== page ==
Does Your Mobile Site Pass the Thumb Zone Test?
Online sellers have spent a great deal of time implementing features that support cross-device shopping. This includes researching and tweaking their websites to accommodate various screen sizes, browsers, and connectivity.
But there’s another key mobile design feature: the thumb zone. A term coined by mobile interface expert Steven Hoober, the thumb zone is “the most comfortable area for touch with one-handed use.”
Is your online store missing out on sales because of restrictive navigation and calls to action that are difficult to reach? In this post, I’ll explain why the thumb zone is so important and how you can better accommodate the broadest number of smartphone users.
Thumb Zone Explained
Understanding the thumb zone is key to providing a better user experience, to help shoppers finalize purchases. No matter how you hold your phone, there is a natural method of swiping, tapping, and navigating. By some estimates, roughly half of the 169-million smartphone users in the U.S. favor one-handed operation.
The natural zone varies based on the dominant hand and whether both hands are used.
The graphic above doesn’t take into account the size of the smartphone. Users of larger devices — such as the iPhone Plus series — will have more difficulty, as larger formats have more restrictions. Note, below, that the shape of the thumb zone shifts when supporting the smartphone with a pinky finger,
Addressing the Issue
The good news is that none of the adjustments made to accommodate the thumb zone should affect the overall usability of the mobile site. It should, instead, increase the usability score and encourage more conversions. When analyzing potential changes, be sure to:
- Focus on the bottom center when placing calls to action and static menus. People use smartphones differently than desktops. It’s natural for users to look in the same area that their thumb occupies.
- Place add-to-cart buttons (along with attributes and quantity boxes) below the product image, not above. It’s far easier for users to scroll below an image than to stretch the thumb to reach above one. Ideally, though, the image and call to action should appear above the scroll line.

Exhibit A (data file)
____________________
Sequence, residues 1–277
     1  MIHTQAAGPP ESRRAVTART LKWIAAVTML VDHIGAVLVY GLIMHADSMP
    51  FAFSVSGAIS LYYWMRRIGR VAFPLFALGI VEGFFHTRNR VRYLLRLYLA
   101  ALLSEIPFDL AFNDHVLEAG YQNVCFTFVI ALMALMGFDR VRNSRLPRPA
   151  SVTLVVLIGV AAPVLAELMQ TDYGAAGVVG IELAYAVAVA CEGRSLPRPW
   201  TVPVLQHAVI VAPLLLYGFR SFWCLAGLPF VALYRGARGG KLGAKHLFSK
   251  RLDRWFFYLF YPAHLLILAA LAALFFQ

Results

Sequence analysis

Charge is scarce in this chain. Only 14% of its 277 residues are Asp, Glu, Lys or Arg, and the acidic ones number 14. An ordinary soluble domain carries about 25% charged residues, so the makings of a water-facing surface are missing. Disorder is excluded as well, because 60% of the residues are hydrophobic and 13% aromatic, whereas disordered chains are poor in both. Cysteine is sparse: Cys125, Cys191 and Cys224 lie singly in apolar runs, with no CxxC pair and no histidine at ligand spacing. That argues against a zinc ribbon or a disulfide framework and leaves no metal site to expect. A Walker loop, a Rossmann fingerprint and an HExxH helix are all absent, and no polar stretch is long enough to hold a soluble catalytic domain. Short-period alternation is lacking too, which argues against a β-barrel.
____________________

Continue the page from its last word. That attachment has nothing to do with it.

- Increase the size of some links. Minimally-sized text and icons can be difficult to tap during one-handed operation.
- Provide ample space between hyperlinked elements. The thumb is the largest digit. It’s typically not as agile as our other fingers, making it easy to tap the wrong icon or text link when one is close to the other.
- Place a fixed menu along the bottom of the screen. This helps shoppers quickly navigate to the most important pages and sections, such as categories, search, and checkout. Position the most important menu items in the center.
- Provide enough non-linked content. This can be static graphics, text, or whitespace. The goal is to avoid flooding pages with links. Help users scroll without accidentally tapping a linked object.
Study Actions Closely
Analyze the site both before and after changes.
Google Analytics can break down actions and conversions by desktop, tablet, and mobile. To see how products perform on smartphones, go to Conversions > Product Performance and set the Secondary Dimension to Users > Device Category. You can filter the view further by clicking advanced search and setting the Device Category to “mobile.”
Alternatively, use Google Analytics to analyze user behavior on various pages. Review, especially, bounce rates and exits from product pages. Go to Behavior > Site Content > All Pages. Then set the Secondary Dimension to Users > Device Category.
Heat maps can also provide good insight by showing where visitors are tapping and scrolling while on the mobile site. Note that not all heat map tools track touch devices. Some are designed solely for tracking mouse clicks on a desktop.